As a New Yorker, the idea of surviving in Manhattan on less than $10,000 a year is pretty much unfathomable. But that's the harsh reality that the poorest fifth of Manhattanites face, according to new data from the New York Times.
The wealth gap in this infamous borough is now so large that it rivals rates in notoriously impoverished sub-Saharan Africa:
In Manhattan. . . the lowest fifth made $9,681, while the highest took home $391,022. The wealthiest fifth of Manhattanites made more than 40 times what the lowest fifth reported, a widening gap (it was 38 times, the year before) surpassed by only a few developing countries, including Namibia and Sierra Leone.
Chronic unemployment is not the only contributing factor. As David R. Jones, the president of the Community Service Society of New York, pointed out in the piece, “the jobs that have been created are really low-wage.” Demos has been pushing to raise awareness about this "job quality crisis," singling it out as a serious and under-reported contributing factor to rising poverty rates. As explained in Demos’ report “Worth Working For: Strategies for Turning Bad Jobs Into Quality Employment”:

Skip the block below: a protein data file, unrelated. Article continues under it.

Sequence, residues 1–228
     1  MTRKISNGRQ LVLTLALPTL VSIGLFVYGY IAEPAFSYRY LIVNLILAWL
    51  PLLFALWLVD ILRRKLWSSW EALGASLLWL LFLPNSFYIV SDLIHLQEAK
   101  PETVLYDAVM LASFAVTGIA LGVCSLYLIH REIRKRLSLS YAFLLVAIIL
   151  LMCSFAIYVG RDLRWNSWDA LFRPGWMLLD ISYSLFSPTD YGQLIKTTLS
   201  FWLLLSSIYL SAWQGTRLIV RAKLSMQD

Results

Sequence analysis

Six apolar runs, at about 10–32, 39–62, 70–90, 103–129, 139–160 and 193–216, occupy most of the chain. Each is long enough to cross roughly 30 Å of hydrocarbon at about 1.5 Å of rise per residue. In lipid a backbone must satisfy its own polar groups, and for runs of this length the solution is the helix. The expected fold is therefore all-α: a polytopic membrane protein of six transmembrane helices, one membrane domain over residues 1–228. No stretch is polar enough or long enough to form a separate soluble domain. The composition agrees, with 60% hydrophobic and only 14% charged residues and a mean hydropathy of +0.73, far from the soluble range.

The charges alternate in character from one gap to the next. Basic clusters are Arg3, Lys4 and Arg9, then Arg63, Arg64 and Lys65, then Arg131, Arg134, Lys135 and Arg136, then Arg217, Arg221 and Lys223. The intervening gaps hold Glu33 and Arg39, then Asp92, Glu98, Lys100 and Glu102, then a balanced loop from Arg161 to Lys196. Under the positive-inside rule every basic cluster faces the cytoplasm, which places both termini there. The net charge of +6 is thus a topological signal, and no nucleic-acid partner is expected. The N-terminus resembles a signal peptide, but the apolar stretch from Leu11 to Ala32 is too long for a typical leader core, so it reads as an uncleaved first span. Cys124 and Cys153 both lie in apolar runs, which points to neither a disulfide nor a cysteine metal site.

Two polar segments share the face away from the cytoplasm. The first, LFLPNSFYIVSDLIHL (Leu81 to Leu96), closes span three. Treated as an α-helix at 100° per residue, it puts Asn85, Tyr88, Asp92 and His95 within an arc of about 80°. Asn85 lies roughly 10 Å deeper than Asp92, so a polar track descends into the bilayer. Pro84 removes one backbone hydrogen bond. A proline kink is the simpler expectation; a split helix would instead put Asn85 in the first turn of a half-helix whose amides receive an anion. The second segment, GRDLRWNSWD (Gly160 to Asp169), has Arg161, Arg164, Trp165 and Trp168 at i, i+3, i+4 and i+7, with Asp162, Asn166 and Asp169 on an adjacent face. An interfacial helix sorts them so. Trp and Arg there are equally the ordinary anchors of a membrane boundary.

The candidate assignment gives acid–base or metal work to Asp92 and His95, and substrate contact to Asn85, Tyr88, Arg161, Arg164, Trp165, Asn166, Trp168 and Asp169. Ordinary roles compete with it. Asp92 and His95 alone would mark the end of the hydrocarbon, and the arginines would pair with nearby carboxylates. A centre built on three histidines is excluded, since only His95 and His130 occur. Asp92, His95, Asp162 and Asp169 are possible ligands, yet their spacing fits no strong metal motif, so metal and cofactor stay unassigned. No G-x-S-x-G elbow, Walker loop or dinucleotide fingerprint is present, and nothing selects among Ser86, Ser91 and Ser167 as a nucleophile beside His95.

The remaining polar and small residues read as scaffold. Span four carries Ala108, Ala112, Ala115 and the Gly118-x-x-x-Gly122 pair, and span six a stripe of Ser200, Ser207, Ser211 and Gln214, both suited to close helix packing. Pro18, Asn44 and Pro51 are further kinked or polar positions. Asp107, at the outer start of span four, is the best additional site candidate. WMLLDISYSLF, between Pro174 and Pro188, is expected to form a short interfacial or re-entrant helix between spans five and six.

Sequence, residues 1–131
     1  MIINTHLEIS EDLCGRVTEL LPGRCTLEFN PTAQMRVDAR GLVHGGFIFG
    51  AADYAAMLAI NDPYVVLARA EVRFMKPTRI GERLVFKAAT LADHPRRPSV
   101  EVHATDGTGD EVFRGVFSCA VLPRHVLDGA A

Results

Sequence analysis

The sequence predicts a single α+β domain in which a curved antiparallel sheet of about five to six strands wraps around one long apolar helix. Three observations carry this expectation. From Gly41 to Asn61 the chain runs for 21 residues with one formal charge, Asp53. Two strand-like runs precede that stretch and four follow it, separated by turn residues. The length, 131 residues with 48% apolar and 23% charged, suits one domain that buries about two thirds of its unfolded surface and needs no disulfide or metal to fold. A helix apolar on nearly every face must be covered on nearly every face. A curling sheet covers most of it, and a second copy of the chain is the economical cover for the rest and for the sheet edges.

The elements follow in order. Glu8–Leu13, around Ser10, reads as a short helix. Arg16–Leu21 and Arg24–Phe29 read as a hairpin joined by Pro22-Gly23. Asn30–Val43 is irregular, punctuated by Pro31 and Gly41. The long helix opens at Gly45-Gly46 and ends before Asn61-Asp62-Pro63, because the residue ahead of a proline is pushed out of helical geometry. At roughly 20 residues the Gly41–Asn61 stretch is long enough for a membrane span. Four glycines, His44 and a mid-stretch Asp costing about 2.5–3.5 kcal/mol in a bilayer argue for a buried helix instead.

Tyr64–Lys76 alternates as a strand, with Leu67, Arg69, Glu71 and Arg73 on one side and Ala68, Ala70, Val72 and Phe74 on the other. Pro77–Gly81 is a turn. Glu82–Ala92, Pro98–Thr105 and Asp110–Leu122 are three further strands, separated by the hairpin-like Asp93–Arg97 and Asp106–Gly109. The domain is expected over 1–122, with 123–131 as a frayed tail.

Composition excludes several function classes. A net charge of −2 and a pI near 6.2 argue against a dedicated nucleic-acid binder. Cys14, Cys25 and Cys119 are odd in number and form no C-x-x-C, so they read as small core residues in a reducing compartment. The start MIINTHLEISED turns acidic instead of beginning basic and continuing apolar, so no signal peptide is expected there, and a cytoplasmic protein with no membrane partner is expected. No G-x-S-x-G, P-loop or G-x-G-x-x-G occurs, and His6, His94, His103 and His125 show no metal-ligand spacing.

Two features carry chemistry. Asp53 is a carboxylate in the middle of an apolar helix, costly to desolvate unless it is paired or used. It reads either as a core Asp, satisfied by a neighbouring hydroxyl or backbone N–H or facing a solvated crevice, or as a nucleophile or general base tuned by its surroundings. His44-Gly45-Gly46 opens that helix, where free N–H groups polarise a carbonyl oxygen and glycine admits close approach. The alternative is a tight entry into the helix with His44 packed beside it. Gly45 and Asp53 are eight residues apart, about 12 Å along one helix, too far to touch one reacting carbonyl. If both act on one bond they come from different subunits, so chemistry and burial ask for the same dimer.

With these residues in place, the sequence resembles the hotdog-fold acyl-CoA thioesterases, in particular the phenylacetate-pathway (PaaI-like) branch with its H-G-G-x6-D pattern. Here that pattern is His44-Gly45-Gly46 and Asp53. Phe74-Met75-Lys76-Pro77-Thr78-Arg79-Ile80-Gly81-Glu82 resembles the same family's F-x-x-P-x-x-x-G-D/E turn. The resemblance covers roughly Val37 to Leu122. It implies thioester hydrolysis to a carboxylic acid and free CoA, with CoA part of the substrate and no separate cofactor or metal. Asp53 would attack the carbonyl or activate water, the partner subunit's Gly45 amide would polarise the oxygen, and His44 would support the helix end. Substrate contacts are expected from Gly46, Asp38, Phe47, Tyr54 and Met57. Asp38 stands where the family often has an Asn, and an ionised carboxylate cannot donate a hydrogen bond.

Nearly a quarter of working adults find themselves in jobs that do not pay enough to support a family at a minimally acceptable level…During the downturn, 60 percent of U.S. jobs lost were middle-income positions, yet the majority of jobs gained during the recovery have been in low-wage occupations. This downward shift in labor costs has helped drive corporate profits to an all-time high this year, but at an enormous cost to our families’ well-being and to our consumer-driven recovery.
The debate in New York City over raising the minimum wage is just one example of the kind of steps political leaders should be taking to combat poverty. Until we commit to these kinds of measures, we should expect to see the wealth gap continue to widen, and the poorest to suffer all the more.